Delay-discounting questionnaire, now or later (23): This is a monetary-choice questionnaire asking for individual preferences between smaller, immediate rewards and larger, delayed rewards varying on their value and time to be delivered. The dependent measure was the discounting parameter k, indexing the rate at which the individual depreciate rewards as a function of time, according to the formula: V = A/(1 + kD), where V is the present value of the delayed reward A at delay D, and k is a free parameter that determines the discount rate. As k increases, the person discounts the future more steeply.
SPSRQ (24): The SPSRQ (sensitivity to punishment and reward questionnaire) is a 48 yes–no response item questionnaire aimed to measure two neuropsychological systems driving motivated behavior: the behavioral activation system (SR) and the behavioral inhibition system (SP). The total scores from each scale (SP and SR) were obtained for analyses.
IQ–Kaufman brief intelligence test (25): It consists of two subtests, vocabulary and matrices. The vocabulary subtest provides an estimated verbal IQ, the matrices subtest provides an estimated nonverbal IQ, and the scores from both measures provide a composite IQ, which we used as the main dependent measure from this test.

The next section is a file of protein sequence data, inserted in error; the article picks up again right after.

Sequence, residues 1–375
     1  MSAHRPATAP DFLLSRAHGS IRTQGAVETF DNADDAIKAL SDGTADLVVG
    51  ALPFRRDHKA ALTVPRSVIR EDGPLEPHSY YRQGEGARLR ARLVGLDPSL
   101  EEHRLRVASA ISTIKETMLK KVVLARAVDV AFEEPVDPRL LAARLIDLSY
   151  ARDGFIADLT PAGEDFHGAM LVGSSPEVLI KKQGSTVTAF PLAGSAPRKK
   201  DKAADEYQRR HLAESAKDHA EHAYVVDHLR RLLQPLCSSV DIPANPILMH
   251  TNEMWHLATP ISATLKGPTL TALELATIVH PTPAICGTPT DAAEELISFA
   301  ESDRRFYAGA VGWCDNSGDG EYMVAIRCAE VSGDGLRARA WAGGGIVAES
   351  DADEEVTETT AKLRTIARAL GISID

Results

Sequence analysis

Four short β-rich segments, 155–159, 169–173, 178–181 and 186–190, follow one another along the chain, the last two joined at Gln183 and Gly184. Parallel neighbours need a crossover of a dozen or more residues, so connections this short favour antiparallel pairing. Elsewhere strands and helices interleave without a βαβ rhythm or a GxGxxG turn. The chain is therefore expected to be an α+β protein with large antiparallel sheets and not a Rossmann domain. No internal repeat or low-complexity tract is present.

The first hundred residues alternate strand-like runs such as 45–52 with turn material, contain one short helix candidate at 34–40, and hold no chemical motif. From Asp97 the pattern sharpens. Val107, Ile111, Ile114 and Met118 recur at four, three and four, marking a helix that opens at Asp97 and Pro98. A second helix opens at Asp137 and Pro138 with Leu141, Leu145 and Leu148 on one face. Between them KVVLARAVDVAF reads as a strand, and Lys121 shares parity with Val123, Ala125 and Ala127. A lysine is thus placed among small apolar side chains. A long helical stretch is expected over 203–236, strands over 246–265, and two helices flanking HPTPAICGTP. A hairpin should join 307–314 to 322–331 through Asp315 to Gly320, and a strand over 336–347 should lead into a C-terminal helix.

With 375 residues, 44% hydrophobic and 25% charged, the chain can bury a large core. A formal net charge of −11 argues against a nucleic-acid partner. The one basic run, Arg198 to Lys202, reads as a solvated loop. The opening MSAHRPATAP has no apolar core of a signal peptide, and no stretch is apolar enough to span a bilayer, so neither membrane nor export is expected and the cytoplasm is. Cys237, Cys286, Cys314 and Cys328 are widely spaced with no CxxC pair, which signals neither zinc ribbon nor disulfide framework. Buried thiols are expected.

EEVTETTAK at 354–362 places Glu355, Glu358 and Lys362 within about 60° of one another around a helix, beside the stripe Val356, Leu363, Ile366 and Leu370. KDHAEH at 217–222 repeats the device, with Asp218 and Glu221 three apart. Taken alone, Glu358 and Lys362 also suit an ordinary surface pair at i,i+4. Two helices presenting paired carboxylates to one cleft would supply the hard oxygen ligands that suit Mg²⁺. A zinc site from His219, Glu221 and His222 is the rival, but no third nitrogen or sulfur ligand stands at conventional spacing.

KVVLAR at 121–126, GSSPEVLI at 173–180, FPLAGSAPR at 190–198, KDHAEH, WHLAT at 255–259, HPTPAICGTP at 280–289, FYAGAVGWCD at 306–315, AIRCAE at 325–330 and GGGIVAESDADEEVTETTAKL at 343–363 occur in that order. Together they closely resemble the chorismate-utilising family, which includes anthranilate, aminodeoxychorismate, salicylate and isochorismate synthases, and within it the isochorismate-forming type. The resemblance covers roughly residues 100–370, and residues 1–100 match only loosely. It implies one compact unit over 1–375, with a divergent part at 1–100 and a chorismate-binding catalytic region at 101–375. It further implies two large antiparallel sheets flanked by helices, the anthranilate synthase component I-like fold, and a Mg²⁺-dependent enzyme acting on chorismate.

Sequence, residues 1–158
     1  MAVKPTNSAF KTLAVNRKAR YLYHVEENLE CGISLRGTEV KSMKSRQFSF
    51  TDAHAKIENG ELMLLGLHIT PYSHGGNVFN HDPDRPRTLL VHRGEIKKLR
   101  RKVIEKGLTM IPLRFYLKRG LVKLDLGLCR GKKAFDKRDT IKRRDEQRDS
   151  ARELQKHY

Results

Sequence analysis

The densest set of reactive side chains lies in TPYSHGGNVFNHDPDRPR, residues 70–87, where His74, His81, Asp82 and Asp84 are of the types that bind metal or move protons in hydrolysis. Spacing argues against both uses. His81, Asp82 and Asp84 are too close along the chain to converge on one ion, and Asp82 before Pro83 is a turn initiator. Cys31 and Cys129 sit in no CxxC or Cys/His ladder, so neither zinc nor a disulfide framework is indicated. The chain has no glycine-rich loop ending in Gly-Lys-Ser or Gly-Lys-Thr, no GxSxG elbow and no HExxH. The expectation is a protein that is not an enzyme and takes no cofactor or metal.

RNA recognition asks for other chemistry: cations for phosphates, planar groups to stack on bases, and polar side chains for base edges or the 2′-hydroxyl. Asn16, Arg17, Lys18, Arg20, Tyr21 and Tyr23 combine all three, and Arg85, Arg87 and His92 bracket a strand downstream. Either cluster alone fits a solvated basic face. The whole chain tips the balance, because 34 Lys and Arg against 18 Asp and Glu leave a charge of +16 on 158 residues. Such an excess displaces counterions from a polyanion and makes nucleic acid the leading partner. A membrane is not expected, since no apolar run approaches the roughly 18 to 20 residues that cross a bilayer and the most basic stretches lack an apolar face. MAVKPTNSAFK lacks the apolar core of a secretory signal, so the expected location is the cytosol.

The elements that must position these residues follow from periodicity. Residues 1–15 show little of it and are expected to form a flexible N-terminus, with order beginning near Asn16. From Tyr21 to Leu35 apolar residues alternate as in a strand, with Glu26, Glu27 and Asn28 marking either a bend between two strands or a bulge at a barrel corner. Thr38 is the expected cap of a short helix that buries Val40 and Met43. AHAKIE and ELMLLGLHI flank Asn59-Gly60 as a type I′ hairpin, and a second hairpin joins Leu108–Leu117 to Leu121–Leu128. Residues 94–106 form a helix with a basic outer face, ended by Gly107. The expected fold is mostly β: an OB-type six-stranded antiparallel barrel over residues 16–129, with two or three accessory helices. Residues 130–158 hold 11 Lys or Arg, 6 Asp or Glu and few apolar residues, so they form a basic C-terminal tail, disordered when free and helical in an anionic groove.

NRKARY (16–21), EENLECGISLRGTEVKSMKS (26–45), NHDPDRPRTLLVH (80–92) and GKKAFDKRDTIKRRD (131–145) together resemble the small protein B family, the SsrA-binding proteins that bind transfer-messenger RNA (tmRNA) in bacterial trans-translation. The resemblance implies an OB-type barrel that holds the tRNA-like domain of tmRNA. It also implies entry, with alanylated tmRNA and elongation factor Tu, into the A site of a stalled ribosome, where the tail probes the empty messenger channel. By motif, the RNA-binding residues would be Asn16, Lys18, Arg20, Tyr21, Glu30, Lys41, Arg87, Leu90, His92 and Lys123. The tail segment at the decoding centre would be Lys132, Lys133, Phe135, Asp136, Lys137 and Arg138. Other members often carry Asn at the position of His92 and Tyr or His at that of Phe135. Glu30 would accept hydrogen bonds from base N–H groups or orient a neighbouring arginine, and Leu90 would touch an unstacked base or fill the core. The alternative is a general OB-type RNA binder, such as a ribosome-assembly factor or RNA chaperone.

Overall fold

Working memory–letter-number sequencing (26): Participants are read a sequence in which letters and numbers are combined, and are asked to reproduce the sequence heard, first placing the numbers in ascending order and then the letters in alphabetical order. The dependent variable from this test was the number of correct answers.
Analogical reasoning–similarities (26): Pairs of words are read that represent common objects or concepts, and participants have to indicate how these objects/concepts are similar or what they have in common. The dependent variable from this test was the number of correct answers.
Planning–zoo map (27): It provides information about the ability of the participant to plan a route that allows him to visit 6 of 12 locations in a section of the zoo. The main dependent measure from this test was the total raw score, based on the efficacy of the plan designed minus the number of errors committed.